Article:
Interactions between midlatitude westerlies and the Pamir–Tian Shan mountains significantly impact hydroclimate patterns in Central Asia today, and they played an important role in driving Asian aridification during the Cenozoic. We show that distinct west-east hydroclimate differences were established over Central Asia during the late Oligocene (ca. 25 Ma), as recorded by stable oxygen isotopic values of soil carbonates. Our climate simulations show that these differences are present when relief of the Pamir–Tian Shan is higher than 75% of modern elevation (~3000 m). Integrated with geological evidence, we suggest that a significant portion of the Pamir–Tian Shan orogen had reached elevations of ~3 km and acted as a moisture barrier for the westerlies since ca. 25 Ma.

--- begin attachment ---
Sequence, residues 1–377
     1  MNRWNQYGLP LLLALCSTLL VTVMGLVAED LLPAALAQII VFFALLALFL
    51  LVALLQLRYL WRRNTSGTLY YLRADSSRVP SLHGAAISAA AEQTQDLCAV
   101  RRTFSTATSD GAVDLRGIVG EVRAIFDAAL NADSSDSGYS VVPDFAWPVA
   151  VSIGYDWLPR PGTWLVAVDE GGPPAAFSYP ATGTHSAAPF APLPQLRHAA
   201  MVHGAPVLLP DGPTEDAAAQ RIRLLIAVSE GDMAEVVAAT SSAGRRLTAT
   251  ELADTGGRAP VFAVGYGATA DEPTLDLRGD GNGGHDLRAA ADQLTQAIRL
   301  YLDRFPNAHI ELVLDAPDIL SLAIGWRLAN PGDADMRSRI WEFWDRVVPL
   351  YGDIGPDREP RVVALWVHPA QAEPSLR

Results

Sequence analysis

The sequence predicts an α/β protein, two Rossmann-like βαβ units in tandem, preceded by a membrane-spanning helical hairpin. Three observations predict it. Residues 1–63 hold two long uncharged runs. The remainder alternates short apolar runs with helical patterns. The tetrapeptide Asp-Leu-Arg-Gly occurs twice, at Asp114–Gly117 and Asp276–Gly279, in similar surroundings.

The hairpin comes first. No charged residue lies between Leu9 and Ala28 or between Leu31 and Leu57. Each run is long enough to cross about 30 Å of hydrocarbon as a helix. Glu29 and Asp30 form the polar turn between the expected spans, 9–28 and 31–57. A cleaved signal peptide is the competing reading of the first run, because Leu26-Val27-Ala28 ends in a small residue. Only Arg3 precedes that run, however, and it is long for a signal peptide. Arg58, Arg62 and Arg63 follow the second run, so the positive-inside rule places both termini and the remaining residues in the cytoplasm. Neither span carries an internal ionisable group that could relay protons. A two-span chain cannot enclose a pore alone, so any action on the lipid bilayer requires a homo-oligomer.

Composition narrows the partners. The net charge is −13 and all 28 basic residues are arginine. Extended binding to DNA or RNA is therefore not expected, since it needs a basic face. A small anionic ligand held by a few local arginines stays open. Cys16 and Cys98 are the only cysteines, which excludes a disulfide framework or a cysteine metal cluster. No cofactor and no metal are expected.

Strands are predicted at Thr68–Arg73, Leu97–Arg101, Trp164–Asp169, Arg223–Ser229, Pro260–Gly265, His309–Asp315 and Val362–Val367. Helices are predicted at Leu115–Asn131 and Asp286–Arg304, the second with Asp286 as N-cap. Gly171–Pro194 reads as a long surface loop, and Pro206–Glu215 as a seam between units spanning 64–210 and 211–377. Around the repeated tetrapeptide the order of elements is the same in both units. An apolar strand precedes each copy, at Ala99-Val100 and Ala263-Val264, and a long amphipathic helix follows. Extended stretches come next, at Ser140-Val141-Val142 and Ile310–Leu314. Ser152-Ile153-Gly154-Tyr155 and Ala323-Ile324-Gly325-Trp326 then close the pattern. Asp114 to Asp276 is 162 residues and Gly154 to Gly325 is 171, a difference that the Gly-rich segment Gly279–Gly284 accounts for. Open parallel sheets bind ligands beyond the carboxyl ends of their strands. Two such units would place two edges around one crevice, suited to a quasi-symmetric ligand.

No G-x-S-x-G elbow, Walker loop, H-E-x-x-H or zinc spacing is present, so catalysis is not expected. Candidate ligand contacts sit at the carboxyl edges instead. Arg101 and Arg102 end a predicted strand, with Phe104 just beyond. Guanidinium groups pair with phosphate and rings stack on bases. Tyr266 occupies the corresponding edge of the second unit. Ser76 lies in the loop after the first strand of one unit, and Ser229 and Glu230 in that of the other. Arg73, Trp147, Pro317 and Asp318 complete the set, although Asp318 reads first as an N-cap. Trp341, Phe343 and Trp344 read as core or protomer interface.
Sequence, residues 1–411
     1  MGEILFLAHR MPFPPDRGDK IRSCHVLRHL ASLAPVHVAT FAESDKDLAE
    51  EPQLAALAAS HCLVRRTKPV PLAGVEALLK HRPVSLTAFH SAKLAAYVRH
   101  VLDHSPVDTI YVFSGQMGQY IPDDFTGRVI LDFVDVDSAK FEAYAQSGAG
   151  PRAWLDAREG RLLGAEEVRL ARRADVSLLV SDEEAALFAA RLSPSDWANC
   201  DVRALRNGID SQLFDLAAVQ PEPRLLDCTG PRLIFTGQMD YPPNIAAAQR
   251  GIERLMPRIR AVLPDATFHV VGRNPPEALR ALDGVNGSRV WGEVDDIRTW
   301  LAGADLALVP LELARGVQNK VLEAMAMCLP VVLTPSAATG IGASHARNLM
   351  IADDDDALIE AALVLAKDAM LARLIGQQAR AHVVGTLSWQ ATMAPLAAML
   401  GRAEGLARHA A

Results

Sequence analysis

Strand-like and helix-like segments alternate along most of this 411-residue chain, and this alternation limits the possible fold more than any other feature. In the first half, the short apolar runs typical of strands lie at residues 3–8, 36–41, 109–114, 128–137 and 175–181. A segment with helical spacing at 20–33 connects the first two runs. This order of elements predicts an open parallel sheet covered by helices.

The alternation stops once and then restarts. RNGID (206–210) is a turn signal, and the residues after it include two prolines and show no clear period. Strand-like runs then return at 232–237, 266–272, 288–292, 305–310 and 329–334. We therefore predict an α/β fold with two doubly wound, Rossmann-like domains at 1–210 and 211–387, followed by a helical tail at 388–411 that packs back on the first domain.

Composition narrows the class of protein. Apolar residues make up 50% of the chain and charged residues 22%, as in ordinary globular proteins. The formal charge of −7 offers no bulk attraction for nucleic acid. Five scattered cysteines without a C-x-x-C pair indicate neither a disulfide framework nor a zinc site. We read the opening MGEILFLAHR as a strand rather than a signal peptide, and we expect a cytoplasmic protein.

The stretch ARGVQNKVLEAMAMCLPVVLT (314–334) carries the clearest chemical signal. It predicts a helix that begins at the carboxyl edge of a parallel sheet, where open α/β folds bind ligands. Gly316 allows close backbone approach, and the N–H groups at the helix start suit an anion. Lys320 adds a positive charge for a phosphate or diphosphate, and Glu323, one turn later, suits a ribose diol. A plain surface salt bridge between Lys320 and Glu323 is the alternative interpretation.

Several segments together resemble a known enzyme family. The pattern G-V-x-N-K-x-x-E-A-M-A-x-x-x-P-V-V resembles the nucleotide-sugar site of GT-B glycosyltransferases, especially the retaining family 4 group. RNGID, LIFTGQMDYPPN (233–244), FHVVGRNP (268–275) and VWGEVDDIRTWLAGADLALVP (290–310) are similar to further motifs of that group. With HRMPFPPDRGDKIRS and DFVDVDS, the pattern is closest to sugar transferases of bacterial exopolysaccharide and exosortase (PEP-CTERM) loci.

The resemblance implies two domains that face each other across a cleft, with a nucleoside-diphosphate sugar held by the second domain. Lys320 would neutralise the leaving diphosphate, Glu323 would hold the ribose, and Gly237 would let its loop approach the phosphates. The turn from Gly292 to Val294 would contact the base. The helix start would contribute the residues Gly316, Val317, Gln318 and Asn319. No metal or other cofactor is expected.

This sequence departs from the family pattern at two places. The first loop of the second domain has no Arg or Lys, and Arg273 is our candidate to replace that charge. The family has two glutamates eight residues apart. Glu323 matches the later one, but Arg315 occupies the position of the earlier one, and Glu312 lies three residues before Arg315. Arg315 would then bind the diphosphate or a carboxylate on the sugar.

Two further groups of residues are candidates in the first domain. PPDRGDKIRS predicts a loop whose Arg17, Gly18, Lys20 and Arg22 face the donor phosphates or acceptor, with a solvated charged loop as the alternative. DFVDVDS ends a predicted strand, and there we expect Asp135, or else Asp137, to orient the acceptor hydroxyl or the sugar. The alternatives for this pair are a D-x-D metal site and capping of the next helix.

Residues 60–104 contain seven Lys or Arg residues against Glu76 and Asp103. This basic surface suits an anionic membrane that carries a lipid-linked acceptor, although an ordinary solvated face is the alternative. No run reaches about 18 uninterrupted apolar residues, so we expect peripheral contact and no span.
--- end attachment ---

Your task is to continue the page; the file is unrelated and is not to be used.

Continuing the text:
The role of the westerlies and orography in Asian hydroclimate since the late Oligocene
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Xin Wang, Barbara Carrapa, Yuchen Sun, David L. Dettman, James B. Chapman, Jeremy K. Caves Rugenstein, Mark T. Clementz, Peter G. DeCelles, Mi Wang, Jie Chen, Jay Quade, Fei Wang, Zaijun Li, Ilhomjon Oimuhammadzoda, Mustafo Gadoev, Gerrit Lohmann, Xu Zhang, Fahu Chen; The role of the westerlies and orography in Asian hydroclimate since the late Oligocene. Geology doi: https://doi.org/10.1130/G47400.1
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